Without a paper trail how can we really know that Internet voting will be secure? And in any event is on the idea in a democracy that we actually go to the polling stations and be seen to enter there, with all sorts of people outside trying to persuade us to vote in a particular way?

Is this far more democratic than doing it on a computer or mobile phone under perhaps the pressure and instruction for someone else? We've heard already in New South Wales how party electoral document have been collected and filled in on behalf of powerbrokers who are building up alliances? Back in the 80s they were talking about making voting easier. This will make it even more easy. It also make it very easy to direct people how to vote.

It takes away the democratic nature of people actually going publicly to the polling station. In this superb Quadrant piece, Matthew Heeney explains why we should not accept Internet voting.

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No gaol for a vicious ATM bashing: what's going on?

Written by David Flint on .



A thug who bashed a man as he lay unconscious in an unprovoked attack at an ATM has walked free from court, Channel 9 News National  reported on 7 April 2014.

This is unacceptable. The magistrate has failed to respond to community expectations. The laws should not enable a magistrate to do this. if ht epoliticans won't change the laws, the system should be changed so the people can. As they can in Switzerland and other a number of American states.  

Corey George was trying to use an ATM late one night in the Victorian town of Colac when he was beaten in an unprovoked attack by Braeden Coulson.

Mr George was thrown to the ground and punched in the face 12 times before Coulson kicked him in the head as Mr George lay on the ground unconscious.

Mr George suffered serious swelling, cuts and bruises and remembers nothing of the incident.

"When I viewed the footage before I knew who the offender was I thought we were going to be looking at, you know, a possible homicide," Detective Leading Senior Constable Stuart Sims told Nine News.

Pleading guilty  to recklessly causing injury, Coulson said he was drunk and "an idiot".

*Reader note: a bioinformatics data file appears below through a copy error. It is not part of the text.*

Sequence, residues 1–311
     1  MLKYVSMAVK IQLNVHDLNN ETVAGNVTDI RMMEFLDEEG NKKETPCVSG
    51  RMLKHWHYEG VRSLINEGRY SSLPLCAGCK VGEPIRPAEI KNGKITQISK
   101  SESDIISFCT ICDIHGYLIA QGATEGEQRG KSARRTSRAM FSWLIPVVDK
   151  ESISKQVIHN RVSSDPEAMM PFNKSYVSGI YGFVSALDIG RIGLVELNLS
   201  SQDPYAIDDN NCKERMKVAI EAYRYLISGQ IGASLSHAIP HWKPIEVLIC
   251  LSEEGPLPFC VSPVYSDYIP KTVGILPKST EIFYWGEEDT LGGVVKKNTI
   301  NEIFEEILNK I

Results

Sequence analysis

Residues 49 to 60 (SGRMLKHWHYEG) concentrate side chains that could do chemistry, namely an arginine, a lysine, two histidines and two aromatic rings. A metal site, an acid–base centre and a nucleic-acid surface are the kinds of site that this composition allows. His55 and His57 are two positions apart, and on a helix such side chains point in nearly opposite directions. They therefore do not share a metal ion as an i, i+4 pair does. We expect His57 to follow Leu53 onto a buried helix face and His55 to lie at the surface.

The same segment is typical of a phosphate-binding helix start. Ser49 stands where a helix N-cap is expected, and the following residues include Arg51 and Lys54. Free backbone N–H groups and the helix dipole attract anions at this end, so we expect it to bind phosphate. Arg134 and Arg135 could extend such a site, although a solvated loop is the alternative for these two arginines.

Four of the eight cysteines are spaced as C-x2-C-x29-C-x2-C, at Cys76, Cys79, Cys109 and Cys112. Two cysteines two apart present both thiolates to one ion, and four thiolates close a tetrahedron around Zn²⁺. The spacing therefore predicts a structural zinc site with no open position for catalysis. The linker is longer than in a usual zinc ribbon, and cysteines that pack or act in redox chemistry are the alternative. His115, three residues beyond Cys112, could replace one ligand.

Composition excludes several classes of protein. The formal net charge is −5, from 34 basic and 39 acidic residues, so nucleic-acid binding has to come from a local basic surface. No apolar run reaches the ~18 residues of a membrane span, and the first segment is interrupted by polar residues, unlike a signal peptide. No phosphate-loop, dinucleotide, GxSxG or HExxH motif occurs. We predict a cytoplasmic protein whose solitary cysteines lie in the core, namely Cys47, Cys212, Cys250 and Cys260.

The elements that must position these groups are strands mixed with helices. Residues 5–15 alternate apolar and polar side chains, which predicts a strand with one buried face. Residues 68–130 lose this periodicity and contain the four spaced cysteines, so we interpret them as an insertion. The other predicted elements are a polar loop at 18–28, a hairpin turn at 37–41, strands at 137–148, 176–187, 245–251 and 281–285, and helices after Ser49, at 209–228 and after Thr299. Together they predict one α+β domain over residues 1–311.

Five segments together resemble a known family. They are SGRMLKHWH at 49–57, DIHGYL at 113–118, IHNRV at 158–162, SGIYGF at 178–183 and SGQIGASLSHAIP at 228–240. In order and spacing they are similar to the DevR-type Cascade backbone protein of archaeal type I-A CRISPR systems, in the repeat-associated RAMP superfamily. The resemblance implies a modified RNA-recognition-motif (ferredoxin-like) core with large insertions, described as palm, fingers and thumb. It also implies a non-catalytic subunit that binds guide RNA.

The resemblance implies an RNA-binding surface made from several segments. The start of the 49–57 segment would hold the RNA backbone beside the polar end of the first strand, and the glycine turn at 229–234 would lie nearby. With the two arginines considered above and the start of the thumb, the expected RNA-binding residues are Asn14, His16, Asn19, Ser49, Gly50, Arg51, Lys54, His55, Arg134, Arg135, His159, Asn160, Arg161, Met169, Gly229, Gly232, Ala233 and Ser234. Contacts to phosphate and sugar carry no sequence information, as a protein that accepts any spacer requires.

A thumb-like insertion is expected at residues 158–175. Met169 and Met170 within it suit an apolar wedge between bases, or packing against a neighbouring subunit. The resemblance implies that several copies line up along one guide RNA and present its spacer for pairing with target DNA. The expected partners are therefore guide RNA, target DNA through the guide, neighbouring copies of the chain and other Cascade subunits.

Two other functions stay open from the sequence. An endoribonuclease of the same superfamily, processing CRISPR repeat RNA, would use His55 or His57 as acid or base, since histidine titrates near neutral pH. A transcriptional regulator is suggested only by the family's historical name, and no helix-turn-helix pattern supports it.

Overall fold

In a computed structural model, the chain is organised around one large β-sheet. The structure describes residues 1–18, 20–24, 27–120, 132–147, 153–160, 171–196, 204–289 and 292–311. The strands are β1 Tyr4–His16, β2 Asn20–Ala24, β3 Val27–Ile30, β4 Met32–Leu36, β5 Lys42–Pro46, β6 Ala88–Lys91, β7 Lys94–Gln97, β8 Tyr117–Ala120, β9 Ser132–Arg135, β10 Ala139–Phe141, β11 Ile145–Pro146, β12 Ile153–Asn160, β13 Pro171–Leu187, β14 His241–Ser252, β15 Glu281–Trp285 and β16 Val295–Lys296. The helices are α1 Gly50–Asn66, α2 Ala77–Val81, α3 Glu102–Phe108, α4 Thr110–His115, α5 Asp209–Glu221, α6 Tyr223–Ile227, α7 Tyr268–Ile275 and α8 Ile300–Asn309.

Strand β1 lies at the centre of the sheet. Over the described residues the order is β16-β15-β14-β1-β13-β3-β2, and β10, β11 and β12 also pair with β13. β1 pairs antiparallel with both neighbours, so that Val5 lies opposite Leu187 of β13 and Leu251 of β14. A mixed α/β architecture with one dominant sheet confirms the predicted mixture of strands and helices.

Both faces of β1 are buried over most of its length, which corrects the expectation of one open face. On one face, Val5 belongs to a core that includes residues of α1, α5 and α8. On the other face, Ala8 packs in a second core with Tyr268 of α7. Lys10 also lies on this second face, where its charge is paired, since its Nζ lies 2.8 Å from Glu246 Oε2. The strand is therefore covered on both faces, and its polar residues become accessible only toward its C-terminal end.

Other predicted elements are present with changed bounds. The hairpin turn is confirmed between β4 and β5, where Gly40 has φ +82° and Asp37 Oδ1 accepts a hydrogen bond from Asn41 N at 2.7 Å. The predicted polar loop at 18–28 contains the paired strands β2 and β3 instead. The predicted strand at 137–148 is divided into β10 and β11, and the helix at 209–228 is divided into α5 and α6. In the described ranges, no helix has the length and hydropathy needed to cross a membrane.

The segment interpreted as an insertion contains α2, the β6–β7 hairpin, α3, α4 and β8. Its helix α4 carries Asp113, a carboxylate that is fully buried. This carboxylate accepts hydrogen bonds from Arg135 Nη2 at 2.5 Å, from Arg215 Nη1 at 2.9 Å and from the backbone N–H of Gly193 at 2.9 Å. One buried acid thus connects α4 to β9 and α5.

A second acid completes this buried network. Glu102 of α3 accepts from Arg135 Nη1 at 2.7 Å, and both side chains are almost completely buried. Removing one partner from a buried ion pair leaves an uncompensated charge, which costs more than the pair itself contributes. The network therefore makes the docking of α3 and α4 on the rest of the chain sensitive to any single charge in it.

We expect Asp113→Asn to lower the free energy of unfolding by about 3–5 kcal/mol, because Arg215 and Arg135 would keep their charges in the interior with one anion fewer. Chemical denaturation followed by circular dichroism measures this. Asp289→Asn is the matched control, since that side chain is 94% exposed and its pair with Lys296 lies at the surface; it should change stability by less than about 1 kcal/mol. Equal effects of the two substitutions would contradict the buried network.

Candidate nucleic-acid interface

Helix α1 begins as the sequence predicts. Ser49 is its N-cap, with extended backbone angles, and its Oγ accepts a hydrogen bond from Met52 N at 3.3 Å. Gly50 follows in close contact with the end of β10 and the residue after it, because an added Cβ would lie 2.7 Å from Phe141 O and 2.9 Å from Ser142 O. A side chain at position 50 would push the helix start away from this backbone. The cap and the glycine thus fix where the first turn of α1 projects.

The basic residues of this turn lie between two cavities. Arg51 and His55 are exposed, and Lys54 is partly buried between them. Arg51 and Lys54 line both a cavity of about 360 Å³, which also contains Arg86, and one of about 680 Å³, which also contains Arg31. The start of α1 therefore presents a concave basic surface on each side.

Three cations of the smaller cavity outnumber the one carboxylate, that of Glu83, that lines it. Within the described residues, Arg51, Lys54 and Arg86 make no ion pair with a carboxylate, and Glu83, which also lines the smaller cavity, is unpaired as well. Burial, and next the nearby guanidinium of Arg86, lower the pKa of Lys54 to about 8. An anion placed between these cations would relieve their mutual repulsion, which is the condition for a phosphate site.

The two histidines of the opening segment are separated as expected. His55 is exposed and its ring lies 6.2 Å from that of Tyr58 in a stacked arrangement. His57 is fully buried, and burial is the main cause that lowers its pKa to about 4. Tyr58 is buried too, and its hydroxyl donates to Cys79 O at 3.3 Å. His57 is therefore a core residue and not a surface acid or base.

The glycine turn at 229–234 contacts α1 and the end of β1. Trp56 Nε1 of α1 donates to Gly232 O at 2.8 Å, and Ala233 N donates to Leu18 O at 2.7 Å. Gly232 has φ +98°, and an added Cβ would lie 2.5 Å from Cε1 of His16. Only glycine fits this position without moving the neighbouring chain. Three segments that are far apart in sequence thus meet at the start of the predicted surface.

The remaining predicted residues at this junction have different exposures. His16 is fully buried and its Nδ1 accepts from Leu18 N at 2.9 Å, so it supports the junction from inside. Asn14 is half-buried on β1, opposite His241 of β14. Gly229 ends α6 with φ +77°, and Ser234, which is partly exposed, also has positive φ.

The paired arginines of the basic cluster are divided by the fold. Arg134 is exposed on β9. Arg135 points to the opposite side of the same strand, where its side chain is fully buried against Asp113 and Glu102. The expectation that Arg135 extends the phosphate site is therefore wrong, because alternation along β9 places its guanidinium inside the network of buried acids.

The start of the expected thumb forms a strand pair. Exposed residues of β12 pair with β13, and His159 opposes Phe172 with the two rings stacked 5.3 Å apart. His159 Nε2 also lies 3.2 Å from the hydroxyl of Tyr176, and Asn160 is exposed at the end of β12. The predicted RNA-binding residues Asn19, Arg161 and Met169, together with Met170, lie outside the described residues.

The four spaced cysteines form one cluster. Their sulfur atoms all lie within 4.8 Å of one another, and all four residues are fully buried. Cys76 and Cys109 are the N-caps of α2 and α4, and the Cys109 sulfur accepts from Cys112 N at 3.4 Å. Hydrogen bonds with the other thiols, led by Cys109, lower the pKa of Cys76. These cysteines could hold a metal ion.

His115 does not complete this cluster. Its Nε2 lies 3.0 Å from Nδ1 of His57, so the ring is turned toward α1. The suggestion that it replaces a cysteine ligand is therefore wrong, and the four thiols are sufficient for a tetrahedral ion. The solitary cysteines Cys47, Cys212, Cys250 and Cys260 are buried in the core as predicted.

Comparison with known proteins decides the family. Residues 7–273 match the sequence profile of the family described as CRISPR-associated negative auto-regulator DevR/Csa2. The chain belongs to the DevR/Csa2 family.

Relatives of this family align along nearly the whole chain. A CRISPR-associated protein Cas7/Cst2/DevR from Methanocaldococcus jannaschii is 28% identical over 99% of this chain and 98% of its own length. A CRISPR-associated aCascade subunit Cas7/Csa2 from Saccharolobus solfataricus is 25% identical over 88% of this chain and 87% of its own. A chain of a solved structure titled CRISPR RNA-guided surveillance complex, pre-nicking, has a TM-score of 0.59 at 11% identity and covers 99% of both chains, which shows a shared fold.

Magistrate Michael Coghlan told the court Mr George's injuries were not "significant" enough for Coulson to go to jail, sentencing him to a suspended four-month jail term and a $2000 fine.

"Because those injuries aren't as significant as I thought they might be… I have determined it is appropriate to sentence an immediate term of imprisonment," he said.




''It was in the Sunday papers you dumb f**** ''

Written by Editor on .

In our comment ''The biggest news of the week but you wouldn't know it'' we touched at least one raw nerve.

This was the story that not one people smuggler's boat had landed any illegal immigrants on Australian territory.

This contrasted with the same period in the previous year when 60 boats landed almost 4000 illegal immigrants . 

We did not ask  why this did not appear . We asked why it had been downplayed. 

Was this because so many politicians and experts in the Gallery had  insisted d that turning back the boats was impossible?

Was it that they said the Indonesians would never accept this some even predicting  it could result in hostilities?

Now we often receive comments opposing our position which offer abuse rather than rational argument .

On this one email surprised us not for what it said, but who said it.

The email simply said (we have used asterisks for the key word :

"it was in the sunday papers you dumb f****  ''

It came from long-standing Fairfax commentator and now  chief political correspondent with the Australian Financial Review and regular panellist on the ABC Insiders, Mr. Philip Coorey.

We didn't say, Mr. Coorey, that there were no reports in the Sunday papers or elsewhere.

This was after all an extraordinary achievement considering how the media decided the Abbott opposition policy on stopping and turning back the boats was so newsworthy.

The Gallery made much of this and doubted whether the government would or could turn the boats around.

So, just for the record, how did the Sunday papers and the ABC report what should have been front page news? Let's start with the Murdoch papers, seen these days as the more government friendly newspapers.  (They weren't very friendly to the Howard government, with The Australian recommending the return of Kevin Rudd in 2007)  

News Limited ( 29/3) began its report negatively'' The Abbott Government is misleading the public as it hails 100 days passing without an asylum seeker boat arriving on Australian shores, a high-profile human rights lawyer says. Julian Burnside QC, who is challenging the legality of detaining asylum seekers on Nauru, says the government is failing to tell the full story about boat interceptions.''

The Sunday Telegraph ran the story on page 17 as a small postcscript on the right hand corner.

The Fairfax report was, shall we say, balanced by this third paragraph observation "But the government's claim of success came after revelations that two Australian employees of security contractor G4S are suspects in the brutal killing of asylum seeker Reza Barati on Manus Island."

Kerrin Binnie gave a short but balanced report on the ABC, properly including opposition comments. They correctly stated that the PM was not claiming victory as none of us know what will happen after the monsoon period. (Incidentally, Mr Binnie would not have decided how long his report would be)

 Our recollection is that it did not lead the news.

The fact is that overall, the main line media generally downplayed what was clearly the biggest political story of the week, at least in Australia.

When the media get something wrong, as they often do, the common tactic is just to move on.

There are several commentators who ought to admit that on this  they were wrong. ( No, the law should not compel them. That is the last thing we need.)